Can We Eat What We Store?

Oscar Pike: Focusing on Food Storage

In provident families or populous countries, the challenges of food storage are the same: what should be stored, how long will it keep, and will it still be good to eat?

Professor Oscar PikeLeading an effort to better answer these questions is Oscar Pike, associate professor of food science at BYU.

Food science is the multidisciplinary study of food and the application of knowledge thus gained to the development of food products and processes, the preservation and storage of food, and the assurance of food safety and quality. At BYU, the food science faculty's goal is to promote self-reliance, reduce hunger, and improve the quality of life in targeted areas of the world by increasing the quality and quantity of food through improved preservation and storage.

"Raised on a family farm in Idaho, I saw food science as a natural extension of my agricultural background," said Pike. "How does food get from the farm to our dinner plate?" It's a good question, because in many parts of the world, food doesn't arrive at the dinner table with regularity.

Because most food quickly deteriorates, it has to be properly processed, packaged, and stored if it is to be available at the time and place where needed. For example, in the South Pacific, food such as breadfruit, taro, and cassava are plentiful but perishable. To ensure their availability during droughts or after hurricanes, these types of food must be preserved in some manner that is culturally acceptable. BYU is currently researching the use of a solar dryer to dehydrate such staples.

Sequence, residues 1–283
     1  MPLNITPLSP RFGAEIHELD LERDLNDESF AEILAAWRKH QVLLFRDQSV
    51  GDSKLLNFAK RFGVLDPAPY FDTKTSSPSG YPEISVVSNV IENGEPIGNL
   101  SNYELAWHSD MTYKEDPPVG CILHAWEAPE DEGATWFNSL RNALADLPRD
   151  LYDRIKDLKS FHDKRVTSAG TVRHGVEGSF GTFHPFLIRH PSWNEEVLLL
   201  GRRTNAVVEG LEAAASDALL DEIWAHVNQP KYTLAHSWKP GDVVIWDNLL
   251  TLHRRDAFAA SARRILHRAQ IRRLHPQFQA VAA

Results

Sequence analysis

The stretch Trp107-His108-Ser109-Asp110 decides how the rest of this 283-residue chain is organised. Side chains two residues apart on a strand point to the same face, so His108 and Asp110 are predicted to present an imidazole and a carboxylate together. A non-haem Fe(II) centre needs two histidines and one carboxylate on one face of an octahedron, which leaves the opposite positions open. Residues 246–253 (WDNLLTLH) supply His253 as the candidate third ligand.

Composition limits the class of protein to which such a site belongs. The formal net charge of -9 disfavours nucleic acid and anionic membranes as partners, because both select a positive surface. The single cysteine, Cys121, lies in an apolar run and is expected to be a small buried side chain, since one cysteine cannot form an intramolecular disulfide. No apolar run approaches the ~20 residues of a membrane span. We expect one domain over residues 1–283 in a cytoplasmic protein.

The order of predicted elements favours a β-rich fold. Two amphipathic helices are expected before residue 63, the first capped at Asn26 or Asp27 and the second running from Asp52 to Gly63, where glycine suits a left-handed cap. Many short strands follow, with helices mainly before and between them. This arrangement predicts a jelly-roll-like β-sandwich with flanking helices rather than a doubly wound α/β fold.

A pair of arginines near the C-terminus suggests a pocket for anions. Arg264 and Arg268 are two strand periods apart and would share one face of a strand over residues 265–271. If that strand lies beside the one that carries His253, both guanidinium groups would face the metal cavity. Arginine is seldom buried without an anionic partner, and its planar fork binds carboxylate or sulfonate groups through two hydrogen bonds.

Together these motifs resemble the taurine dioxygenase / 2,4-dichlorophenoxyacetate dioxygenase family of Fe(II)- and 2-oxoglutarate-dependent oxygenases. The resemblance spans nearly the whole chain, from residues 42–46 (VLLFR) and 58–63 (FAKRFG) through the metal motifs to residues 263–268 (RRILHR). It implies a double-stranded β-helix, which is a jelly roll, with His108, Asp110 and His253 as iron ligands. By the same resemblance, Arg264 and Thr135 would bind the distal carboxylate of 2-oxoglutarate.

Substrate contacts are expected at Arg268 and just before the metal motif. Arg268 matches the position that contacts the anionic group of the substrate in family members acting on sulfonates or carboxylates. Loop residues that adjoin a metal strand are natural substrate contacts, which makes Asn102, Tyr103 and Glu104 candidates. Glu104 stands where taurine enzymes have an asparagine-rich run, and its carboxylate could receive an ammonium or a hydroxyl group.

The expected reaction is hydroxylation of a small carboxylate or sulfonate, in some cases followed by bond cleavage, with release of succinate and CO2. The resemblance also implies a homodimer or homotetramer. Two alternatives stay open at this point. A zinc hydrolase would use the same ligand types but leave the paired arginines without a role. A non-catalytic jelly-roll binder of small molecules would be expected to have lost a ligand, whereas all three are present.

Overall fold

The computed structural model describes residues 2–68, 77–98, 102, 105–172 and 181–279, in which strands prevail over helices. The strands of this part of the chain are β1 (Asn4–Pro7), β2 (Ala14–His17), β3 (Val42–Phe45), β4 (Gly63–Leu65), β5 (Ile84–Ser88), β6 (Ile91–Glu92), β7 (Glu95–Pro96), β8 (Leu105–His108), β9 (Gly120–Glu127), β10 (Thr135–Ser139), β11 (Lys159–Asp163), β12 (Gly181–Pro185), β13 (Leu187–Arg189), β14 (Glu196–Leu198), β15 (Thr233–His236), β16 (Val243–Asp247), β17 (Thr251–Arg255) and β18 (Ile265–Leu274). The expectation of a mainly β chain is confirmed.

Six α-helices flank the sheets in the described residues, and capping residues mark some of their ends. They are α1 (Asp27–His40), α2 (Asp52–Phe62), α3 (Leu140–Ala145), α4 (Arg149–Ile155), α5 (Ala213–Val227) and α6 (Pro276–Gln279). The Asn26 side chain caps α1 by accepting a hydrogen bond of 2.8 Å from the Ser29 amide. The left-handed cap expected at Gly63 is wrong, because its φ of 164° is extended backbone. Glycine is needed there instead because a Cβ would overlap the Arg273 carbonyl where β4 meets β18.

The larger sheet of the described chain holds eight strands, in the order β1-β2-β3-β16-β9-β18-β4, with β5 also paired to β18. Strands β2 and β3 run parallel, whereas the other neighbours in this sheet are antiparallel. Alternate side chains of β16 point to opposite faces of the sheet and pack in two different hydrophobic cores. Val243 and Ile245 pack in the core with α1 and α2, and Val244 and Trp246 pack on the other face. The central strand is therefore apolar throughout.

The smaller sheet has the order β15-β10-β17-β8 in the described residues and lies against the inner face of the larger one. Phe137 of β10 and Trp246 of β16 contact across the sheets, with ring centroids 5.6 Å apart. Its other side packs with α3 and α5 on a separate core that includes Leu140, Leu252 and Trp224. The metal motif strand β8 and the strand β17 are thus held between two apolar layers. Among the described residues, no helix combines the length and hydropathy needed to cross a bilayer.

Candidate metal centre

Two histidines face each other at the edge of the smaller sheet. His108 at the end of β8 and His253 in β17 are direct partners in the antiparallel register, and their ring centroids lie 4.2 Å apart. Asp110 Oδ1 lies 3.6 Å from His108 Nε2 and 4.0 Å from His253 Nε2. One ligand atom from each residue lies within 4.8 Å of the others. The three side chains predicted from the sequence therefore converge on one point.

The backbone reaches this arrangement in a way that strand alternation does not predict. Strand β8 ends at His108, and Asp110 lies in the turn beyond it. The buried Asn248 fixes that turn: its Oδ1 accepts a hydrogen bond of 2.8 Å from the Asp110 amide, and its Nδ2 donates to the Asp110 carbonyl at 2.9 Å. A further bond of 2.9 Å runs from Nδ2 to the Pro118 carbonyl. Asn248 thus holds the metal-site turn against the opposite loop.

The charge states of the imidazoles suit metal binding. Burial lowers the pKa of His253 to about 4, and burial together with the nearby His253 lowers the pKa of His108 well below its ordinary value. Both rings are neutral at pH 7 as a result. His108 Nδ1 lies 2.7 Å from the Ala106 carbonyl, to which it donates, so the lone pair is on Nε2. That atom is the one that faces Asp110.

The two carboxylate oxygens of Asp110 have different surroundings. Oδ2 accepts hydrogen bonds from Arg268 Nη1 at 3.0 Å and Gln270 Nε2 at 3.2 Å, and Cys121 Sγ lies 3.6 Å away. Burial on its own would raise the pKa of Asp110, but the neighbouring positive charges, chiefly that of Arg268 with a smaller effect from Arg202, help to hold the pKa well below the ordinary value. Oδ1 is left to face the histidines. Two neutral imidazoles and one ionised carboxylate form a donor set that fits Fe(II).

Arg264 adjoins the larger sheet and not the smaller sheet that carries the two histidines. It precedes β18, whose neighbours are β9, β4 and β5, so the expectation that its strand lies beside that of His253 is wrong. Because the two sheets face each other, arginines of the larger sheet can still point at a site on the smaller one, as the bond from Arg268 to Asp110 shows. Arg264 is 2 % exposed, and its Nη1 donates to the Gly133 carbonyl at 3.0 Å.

BYU food science is also researching the quality of dehydrated foods intended for long-term storage. "We are working with many different dried food products and have found wide variation in their quality," said Pike. "Quality is dependent on such factors as original product quality, processing parameters, and storage conditions like humidity, air, light, and temperature."

Dehydrated food quality quickly deteriorates if the bulk food is held at too high a temperature before it is packaged, or if the packaged food is stored in hot locations, such as an attic or garage. "I've drunk powdered milk stored for 20 years that tastes better than product stored improperly for less than one year," said Pike. Researchers have also found other problems, like foods that are labeled as having low or no oxygen that actually have quite a bit, and products that claim to be fortified with various vitamins but have been found to be lacking the quantities stated on the label. BYU researchers have suggested that such problems could be minimized if companies assured consumers of the quality of their product.

"There's a huge opportunity for companies to do well in the marketplace if they can get a handle on quality standards and have their products tested against those standards," said Pike. "Properly stored dehydrated food lasts a very long time. Our studies have confirmed that some foods store well for as long as 30 years."